Review by Mark Fischer
Cunt. Bomb., the second collection of poems by nationally recognized southwest feminist poet Jessica Helen Lopez, is a small chapbook – coming in at a thin 33 pages. The content however, is anything but. As the title may tell you, this collection of words is explosive. The nine poems are well organized and read front-to-back as a manifesto, a recipe book, a howl across mountains in the night calling all to congregate in the sacred space.
Nine facets of womanhood, from the feisty young grade school feminist to the embodiment of the Goddess Diana, this is the jewel at the center through which Lopez explores identity. Understanding the worship, celebration and exaltation of the feminine in every form appears to be the intent. The poet is embracing her sense of self and exploring her duty to teach self-love to women around the globe.
In this endeavor Lopez is quite successful. The images she conjures are strong and timely. In “Diana the Huntress,” she explores the horrifying murders of women in Mexico and the lone vigilante who fights back on long lonely bus rides as she writes, ”I fear no moon, Lady of Wild Creatures, La Cazadora worshiped by the womanly workers of Juarez.” There are no apologies here, no concessions, and that is what speaks most to the fidelity of this collection.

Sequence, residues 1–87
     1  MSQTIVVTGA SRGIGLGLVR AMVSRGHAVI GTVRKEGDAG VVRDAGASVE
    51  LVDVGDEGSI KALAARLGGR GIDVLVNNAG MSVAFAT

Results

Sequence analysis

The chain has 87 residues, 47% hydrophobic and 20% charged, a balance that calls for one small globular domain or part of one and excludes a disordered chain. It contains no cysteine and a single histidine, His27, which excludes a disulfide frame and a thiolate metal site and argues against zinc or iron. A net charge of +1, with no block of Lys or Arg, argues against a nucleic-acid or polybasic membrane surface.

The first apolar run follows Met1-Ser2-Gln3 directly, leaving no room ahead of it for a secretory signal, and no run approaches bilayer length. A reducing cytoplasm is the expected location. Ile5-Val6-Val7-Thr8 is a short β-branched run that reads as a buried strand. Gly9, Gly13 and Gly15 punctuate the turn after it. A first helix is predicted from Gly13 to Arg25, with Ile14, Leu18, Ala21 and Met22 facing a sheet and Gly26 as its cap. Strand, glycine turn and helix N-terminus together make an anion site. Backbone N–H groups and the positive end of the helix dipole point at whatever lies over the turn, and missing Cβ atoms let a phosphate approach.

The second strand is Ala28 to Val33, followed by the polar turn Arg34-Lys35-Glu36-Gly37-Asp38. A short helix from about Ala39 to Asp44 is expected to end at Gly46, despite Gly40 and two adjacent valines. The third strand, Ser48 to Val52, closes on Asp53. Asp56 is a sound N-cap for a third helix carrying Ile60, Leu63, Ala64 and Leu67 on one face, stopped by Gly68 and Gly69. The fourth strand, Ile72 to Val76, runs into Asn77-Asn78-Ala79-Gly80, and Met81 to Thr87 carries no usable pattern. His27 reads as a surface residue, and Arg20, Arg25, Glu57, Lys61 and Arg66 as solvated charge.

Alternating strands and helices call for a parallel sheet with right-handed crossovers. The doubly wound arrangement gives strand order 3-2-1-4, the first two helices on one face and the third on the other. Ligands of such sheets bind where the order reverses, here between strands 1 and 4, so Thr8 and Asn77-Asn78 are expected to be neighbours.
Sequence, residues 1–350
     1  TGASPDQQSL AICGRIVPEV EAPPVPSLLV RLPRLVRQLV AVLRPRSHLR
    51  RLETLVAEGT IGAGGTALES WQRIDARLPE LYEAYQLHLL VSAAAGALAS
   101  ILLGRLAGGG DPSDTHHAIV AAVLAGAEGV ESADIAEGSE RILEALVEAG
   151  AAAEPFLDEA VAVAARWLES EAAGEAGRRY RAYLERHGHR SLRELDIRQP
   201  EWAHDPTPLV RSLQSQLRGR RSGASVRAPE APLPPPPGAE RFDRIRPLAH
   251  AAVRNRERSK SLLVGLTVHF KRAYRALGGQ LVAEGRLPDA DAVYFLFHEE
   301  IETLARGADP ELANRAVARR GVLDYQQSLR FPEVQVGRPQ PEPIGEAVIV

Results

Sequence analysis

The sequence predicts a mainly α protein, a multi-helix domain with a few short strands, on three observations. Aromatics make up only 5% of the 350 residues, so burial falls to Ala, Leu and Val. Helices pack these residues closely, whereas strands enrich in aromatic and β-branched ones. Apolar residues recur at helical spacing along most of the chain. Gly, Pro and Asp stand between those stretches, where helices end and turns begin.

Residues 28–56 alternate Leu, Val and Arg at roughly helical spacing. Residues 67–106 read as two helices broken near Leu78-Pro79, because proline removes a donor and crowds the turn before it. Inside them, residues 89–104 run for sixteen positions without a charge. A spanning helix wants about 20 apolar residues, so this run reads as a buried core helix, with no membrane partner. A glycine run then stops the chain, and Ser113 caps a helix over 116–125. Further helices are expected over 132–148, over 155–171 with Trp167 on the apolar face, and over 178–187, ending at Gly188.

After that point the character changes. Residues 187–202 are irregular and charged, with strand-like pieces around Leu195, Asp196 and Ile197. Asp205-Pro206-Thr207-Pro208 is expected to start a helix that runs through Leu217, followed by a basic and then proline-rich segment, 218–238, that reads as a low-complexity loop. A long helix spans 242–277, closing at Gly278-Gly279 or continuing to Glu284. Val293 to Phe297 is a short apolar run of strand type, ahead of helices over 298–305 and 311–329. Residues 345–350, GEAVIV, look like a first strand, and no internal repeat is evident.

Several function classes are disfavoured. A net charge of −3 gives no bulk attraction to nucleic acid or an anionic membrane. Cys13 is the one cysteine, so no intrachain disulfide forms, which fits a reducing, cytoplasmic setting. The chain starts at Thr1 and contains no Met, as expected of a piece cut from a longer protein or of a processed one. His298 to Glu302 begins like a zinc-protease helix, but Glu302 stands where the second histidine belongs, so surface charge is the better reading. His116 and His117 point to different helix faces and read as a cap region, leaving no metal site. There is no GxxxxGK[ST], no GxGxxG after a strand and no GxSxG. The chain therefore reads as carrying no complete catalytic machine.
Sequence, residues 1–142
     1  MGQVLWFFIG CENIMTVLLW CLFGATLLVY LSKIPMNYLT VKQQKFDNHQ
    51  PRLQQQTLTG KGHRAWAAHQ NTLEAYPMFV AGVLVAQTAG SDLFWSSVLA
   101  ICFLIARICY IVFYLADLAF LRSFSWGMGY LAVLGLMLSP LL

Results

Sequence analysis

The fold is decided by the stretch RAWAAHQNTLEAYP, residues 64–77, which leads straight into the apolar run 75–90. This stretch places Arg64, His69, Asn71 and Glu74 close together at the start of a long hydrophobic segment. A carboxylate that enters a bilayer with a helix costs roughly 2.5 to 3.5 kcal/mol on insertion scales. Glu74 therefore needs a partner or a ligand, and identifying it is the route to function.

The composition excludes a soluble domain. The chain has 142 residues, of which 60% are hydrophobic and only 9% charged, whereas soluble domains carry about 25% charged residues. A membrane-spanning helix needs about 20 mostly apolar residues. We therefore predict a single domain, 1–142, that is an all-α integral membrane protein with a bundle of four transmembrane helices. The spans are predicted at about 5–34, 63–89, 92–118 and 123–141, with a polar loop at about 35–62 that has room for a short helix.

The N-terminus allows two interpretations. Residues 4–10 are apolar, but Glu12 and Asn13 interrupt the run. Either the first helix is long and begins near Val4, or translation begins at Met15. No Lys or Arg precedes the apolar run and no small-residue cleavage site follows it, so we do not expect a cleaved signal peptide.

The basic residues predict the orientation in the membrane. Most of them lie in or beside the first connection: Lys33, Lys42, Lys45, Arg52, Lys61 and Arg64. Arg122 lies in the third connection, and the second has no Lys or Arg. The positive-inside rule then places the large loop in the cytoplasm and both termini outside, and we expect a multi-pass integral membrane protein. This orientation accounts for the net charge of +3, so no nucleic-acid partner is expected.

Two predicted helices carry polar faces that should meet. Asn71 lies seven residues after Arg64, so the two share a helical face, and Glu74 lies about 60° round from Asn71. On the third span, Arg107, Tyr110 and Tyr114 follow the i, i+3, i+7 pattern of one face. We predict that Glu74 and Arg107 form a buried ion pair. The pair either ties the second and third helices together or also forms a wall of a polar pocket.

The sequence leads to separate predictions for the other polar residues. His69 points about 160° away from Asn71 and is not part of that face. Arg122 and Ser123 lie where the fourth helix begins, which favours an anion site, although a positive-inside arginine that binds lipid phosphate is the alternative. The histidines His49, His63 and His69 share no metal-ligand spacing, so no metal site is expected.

Jessica Helen Lopez is a member of the Macondo Foundation created by Sandra Cisneros, as well as a Chicana/o Poetics instructor at the University of New Mexico, a two-time Women of the World Poetry Slam Albuquerque City Champion and member of several city teams representing her home town at the National Poetry Slam. Her voice is singular, both sharp and sweet. Like every good storyteller you walk away from her performances both nurtured and haunted. This dichotomy comes through in this collection. One of the “30 Poets in their 30’s to Watch” according to MUZZLE magazine, Jessica Helen Lopez is well on her way to assuming her place along the front lines with the likes of fellow Chicana poets Cisneros, Ana Castillo, and Demetria Martinez. As far as “little black books” go – this is the one to choose.